3. “Breaking Glass”
Clocking in at under two minutes, this track from the very start of Bowie’s historically famous “Berlin Trilogy” is super powerful. The Berlin period was an awesome and fertile time in Bowie’s career and is worth looking into.
4. “Always Crashing In The Same Car”
This is another song from the album “Low.” During the height of Bowie’s cocaine addiction, he spotted a dealer in Los Angeles who ripped him off, and he rammed into his car numerous times as retaliation. The whole drug scene in and of itself was a never-ending saga that also felt like continually crashing in the same car, as well, so the meaning of this song is both literal and figurative.
5. “Look Back In Anger”
There is nothing about this song that isn’t incredible. The drum track is like nothing I have ever heard, the lyrics are poetry, and the rhythm sounds like a runaway train. To me, this is one of those songs that, for all intents and purposes, should’ve been a radio hit.
6. “God Knows I’m Good”
This song has always been dismissed by critics as “early Bowie before he found his creative vision.” And it is easy to overlook because of its Bo Diddley rhythm and its linear storyboard lyrics. Still, something about the singer’s empathy and ability to convey emotion has always struck me.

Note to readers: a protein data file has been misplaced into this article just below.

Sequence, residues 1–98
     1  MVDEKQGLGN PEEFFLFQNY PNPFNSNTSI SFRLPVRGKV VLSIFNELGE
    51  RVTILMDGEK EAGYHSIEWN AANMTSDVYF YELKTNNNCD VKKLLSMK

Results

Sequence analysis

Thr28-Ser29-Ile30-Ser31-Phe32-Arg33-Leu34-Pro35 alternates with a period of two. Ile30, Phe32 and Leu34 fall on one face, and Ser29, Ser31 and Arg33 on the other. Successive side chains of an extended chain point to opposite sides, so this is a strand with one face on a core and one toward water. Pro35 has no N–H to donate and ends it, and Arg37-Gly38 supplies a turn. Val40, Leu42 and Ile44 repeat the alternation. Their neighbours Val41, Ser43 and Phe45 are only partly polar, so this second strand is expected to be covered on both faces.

7. “Cracked Actor”
This is another song that should definitely have charted. There isn’t too much difference between a song like this and “The Jean Genie,” but once again, it falls along the lines of obscurity. It describes what Bowie observed on the Sunset Strip in the early 70s: drugs, prostitution, and debauchery. I guarantee it will make its way into one of your playlists.
8. “Andy Warhol”
On the album “Hunky Dory,” Bowie did a trilogy of songs written for his heroes Bob Dylan, Lou Reed, and, of course, Andy Warhol. Twenty years later, in an interview, the songwriter admits that when he showed Warhol his song, the pop culture icon just walked out of the room without saying a word. In fact, he never discussed the song—ever. Regardless, it is a great one and deserves to be on this list.
9. “Fantastic Voyage”
This song was originally about the Cold War and featured King Crimson’s Adrian Belew on mandolin and Brian Eno making random sounds. He makes a startling point with the line, “…Dignity is valuable, but our lives are valuable, too.” The refrain of, “We’re learning to live with somebody’s depression” will take up residence in your ear for days. It’s just one of those hooks.
10. “Where Are We Now”
This song literally dropped from the sky in 2013. Bowie did not want there to be any announcement or fanfare, so he just had it added to iTunes for his fans to simply discover. The lyrics are mysterious and require knowledge of German landmarks to fully comprehend; the piano chords are otherworldly, and the emotion is intense. There is a story that Eric Clapton called David when he heard the song to thank him for creating something “so beautiful.” Bowie replied, “Thanks, old sock.” (“Old Sock” became the name of Clapton’s new album later that year.)
Any obscure Bowie songs you think should have been on this list? Let me know in the comments below.
Listen to all the songs here: